An officer is a member of an armed force or uniformed service who holds a position of authority. In its broadest sense, the term "officer" includes non-commissioned officers and warrant officers. However, when used without further detail, the term "officer" almost always refers to commissioned officers, the more senior portion of a force who derive their authority from a commission from the head of state of a sovereign nation-state.Contents1 Numbers 2 Legal relevance 3 Terminological details in the U.S. 4 Commissioned officers4.1 United Kingdom 4.2 United States4.2.1 Other U.S. officer commissioning programs, active and discontinued4.3 Commonwealth of Nations5 Non-commissioned officers 6 Warrant officers 7 Officer ranks and accommodation 8 See also 9 References 10 External linksNumbers[edit]An Indonesian army
Indonesian army
officer serving as a ceremonial field commanderThe proportion of officers varies greatly
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Field Army
A field army (or numbered army or simply army) is a military formation in many armed forces, composed of two or more corps and may be subordinate to an army group. Likewise, air armies are equivalent formation within some air forces. A field army is composed of 100,000 to 150,000 troops. Particular field armies are usually named or numbered to distinguish them from "army" in the sense of an entire national land military force. In English, the typical style for naming field armies is word numbers, such as "First Army"; whereas corps are usually distinguished by Roman numerals (e.g. I Corps) and subordinate formations with ordinal numbers (e.g. 1st Division)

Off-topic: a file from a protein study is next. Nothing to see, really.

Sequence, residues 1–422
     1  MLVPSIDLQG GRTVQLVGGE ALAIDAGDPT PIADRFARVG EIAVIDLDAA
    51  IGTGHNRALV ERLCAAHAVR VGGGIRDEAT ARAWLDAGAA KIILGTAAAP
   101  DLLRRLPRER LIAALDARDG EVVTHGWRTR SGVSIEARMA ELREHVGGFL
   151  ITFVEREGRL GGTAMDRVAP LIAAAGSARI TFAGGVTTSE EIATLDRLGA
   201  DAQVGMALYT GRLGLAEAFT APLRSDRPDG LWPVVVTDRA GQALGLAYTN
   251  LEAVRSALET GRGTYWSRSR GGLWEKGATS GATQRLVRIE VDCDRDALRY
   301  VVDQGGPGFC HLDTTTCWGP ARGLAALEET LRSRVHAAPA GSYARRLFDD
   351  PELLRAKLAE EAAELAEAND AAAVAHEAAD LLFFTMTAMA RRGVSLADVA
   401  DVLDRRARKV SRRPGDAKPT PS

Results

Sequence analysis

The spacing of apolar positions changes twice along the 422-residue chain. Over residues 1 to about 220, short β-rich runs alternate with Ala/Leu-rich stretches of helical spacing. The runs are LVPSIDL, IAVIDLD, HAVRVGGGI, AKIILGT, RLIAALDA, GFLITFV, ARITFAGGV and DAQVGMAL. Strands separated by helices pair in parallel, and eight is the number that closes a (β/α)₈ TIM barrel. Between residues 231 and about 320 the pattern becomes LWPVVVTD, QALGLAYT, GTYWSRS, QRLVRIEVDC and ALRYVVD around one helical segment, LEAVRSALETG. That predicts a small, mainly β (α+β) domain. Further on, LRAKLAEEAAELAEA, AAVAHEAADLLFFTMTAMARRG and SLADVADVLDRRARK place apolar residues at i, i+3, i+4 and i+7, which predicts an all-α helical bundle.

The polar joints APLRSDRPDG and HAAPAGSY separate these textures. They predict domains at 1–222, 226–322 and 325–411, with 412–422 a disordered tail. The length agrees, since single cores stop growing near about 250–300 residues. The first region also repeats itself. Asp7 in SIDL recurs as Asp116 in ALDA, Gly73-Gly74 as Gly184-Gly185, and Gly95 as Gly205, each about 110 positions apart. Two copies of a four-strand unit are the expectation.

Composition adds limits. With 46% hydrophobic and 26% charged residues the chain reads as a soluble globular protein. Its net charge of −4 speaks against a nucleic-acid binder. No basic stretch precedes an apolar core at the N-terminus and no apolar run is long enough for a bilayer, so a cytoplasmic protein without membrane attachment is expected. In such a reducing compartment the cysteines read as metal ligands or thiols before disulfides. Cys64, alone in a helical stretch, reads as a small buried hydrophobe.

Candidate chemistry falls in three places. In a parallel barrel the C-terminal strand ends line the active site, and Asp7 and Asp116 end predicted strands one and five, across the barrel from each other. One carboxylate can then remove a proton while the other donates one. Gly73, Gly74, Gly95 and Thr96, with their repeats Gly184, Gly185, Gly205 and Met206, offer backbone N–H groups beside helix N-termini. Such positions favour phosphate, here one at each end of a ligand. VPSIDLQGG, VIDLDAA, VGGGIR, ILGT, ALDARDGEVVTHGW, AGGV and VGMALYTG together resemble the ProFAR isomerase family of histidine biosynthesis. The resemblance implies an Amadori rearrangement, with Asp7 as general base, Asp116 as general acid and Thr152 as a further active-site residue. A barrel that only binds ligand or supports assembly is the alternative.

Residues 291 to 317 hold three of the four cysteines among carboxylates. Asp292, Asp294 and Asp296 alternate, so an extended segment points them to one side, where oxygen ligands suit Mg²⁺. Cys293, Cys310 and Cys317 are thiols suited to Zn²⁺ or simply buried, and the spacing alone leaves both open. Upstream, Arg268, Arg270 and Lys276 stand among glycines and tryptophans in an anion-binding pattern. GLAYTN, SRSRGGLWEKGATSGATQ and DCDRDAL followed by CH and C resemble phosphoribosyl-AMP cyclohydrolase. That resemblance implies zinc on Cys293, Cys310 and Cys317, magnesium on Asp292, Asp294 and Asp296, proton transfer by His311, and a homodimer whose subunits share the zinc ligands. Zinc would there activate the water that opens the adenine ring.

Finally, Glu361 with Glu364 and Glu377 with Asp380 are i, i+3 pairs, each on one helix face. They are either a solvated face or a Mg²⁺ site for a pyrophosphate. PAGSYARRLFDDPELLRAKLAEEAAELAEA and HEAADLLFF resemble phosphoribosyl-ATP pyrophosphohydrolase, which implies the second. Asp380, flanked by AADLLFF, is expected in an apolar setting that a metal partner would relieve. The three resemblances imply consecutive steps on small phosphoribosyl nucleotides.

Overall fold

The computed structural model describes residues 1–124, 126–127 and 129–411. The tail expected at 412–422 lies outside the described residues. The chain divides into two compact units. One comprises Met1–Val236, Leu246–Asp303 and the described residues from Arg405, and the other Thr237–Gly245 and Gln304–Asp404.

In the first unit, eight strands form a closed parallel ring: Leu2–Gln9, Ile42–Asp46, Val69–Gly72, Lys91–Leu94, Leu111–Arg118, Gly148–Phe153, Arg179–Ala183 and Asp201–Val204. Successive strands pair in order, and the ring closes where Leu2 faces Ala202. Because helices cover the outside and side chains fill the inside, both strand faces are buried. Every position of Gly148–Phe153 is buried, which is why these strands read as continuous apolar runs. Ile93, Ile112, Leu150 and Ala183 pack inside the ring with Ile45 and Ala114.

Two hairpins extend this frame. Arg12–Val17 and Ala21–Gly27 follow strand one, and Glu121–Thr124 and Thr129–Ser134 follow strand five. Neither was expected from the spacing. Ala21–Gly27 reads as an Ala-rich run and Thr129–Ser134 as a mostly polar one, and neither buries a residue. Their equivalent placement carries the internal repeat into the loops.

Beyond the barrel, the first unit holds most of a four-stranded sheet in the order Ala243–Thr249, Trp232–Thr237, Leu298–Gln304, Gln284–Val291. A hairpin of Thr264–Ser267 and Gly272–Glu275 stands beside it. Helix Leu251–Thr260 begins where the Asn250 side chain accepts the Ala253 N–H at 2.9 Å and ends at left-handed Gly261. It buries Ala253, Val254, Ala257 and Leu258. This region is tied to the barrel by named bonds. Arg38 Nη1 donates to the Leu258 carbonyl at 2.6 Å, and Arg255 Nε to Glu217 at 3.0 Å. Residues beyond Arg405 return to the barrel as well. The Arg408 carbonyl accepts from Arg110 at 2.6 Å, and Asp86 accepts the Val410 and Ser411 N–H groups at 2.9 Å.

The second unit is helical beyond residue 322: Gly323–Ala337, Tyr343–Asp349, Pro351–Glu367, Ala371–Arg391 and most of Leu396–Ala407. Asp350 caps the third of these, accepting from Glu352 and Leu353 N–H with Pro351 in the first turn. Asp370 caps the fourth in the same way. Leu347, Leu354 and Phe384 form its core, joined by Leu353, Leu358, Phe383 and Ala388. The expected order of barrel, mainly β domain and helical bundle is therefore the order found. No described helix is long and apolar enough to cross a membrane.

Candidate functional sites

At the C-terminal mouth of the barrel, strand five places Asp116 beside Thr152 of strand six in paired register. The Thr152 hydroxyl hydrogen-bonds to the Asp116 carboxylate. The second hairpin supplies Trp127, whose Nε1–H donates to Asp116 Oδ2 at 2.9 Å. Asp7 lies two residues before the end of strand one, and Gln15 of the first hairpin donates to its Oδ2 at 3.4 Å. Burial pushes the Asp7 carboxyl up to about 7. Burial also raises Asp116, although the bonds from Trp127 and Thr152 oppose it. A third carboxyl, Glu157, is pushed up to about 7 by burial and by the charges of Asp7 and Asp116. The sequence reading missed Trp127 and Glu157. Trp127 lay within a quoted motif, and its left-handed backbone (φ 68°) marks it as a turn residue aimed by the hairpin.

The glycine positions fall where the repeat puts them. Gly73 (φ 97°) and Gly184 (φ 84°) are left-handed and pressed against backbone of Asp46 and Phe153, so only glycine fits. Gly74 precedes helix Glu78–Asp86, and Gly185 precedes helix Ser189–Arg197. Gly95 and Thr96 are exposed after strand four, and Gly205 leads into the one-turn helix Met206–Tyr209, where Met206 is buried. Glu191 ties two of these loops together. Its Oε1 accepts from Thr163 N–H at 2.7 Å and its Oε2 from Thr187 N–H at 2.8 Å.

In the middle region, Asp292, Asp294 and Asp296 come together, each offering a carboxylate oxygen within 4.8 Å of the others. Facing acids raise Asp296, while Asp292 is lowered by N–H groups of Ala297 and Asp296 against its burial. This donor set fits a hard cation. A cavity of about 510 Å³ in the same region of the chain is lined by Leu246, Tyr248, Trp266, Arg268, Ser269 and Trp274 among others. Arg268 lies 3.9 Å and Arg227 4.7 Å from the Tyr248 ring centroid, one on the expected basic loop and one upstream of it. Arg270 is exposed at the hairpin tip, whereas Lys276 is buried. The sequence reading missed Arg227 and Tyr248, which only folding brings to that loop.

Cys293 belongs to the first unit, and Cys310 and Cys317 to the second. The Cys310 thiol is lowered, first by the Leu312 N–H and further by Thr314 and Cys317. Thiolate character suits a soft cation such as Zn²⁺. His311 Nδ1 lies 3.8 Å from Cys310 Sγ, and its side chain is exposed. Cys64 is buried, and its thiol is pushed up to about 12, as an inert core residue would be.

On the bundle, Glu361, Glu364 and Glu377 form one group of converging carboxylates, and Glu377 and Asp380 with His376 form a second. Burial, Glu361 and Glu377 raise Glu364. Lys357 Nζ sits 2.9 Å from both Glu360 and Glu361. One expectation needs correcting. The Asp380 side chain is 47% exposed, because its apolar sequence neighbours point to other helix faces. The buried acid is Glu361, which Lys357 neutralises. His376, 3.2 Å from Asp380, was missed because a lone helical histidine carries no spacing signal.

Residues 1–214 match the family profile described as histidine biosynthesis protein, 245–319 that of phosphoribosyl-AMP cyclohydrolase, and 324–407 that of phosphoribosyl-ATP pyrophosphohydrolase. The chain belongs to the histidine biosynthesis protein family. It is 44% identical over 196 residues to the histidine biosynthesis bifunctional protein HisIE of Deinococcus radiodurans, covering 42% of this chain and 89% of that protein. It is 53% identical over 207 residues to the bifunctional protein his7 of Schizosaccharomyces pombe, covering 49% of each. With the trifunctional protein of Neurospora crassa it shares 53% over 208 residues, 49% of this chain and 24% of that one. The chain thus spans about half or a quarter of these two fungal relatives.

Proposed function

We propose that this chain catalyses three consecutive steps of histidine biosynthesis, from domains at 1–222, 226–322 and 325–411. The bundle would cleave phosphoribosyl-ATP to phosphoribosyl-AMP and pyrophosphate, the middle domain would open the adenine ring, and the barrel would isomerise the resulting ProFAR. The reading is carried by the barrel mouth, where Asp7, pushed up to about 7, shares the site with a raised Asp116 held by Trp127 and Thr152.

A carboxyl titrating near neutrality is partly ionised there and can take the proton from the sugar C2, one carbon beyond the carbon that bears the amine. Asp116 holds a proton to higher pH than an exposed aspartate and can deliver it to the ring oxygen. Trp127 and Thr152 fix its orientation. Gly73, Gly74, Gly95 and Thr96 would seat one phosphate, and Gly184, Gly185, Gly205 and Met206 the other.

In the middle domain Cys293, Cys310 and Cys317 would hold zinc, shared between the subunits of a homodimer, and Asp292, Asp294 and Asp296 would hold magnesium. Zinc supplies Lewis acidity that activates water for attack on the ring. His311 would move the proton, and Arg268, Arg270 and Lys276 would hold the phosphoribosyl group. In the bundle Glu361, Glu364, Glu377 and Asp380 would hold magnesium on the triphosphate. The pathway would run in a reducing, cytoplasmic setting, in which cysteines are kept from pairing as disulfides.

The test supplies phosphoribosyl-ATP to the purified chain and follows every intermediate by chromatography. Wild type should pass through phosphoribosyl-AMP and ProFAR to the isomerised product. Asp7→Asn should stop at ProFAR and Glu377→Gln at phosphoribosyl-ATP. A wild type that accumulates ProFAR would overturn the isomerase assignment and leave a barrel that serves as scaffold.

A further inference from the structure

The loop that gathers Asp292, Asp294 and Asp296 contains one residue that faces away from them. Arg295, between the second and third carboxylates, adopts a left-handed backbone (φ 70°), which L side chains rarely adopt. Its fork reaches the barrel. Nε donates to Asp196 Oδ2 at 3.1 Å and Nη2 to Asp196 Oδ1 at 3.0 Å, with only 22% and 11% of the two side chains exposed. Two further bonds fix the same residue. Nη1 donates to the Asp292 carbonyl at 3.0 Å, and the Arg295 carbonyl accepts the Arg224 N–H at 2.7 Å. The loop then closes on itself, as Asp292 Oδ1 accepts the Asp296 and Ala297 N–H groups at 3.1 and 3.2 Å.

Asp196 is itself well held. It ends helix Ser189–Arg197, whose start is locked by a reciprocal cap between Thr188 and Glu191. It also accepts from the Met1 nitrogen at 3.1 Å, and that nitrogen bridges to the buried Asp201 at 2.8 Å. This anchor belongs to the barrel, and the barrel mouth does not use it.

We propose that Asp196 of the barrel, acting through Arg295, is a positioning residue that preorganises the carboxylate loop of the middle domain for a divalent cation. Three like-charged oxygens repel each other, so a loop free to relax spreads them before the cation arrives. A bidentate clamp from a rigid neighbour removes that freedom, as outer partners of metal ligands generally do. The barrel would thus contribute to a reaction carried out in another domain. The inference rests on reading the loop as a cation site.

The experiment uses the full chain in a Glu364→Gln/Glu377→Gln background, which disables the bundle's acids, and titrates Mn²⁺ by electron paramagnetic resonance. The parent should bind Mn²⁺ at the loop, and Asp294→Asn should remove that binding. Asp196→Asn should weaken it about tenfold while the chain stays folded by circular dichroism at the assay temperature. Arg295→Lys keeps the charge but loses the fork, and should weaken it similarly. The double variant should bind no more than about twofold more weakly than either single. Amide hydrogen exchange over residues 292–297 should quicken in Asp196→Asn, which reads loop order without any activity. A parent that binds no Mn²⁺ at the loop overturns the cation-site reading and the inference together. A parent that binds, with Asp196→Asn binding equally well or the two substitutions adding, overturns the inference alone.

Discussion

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Fleet Admiral
An admiral of the fleet or fleet admiral (sometimes also known as admiral of the navy or grand admiral) is a military naval officer of the highest rank. In many nations the rank is reserved for wartime or ceremonial appointments. It is usually a rank above admiral (which is now usually the highest rank in peace-time for officers in active service), and is often held by the most senior admiral of an entire naval service. It is also a generic term for a senior admiral in command of a large group of ships, comprising a fleet or, in some cases, a group of fleets. If actually a rank its name can vary depending on the country. In addition to 'fleet admiral' and 'admiral of the fleet', such rank names include 'admiral of the navy' and 'grand admiral'.[Note 1] It ranks above vice admiral, rear admiral and usually full admiral, and is usually given to a senior admiral commanding multiple fleets as opposed to just one fleet
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Marshal Of The Air Force
Marshal
Marshal
of the air force is the English term for the most senior rank in a number of air forces. The ranks described by this term can properly be considered marshal ranks. No air force in an English-speaking country formally uses the exact title "marshal of the air force", although it is sometimes used as a shortened form of the full title. In several Commonwealth air forces and many Middle Eastern air forces the most senior rank is named "marshal of the", followed by the name of the air force (e.g. marshal of the Royal Australian Air Force). Brazil
Brazil
and Italy
Italy
have used rank titles which literally translate as marshal of the air, whereas Portugal's rank translates as "marshal of the air force"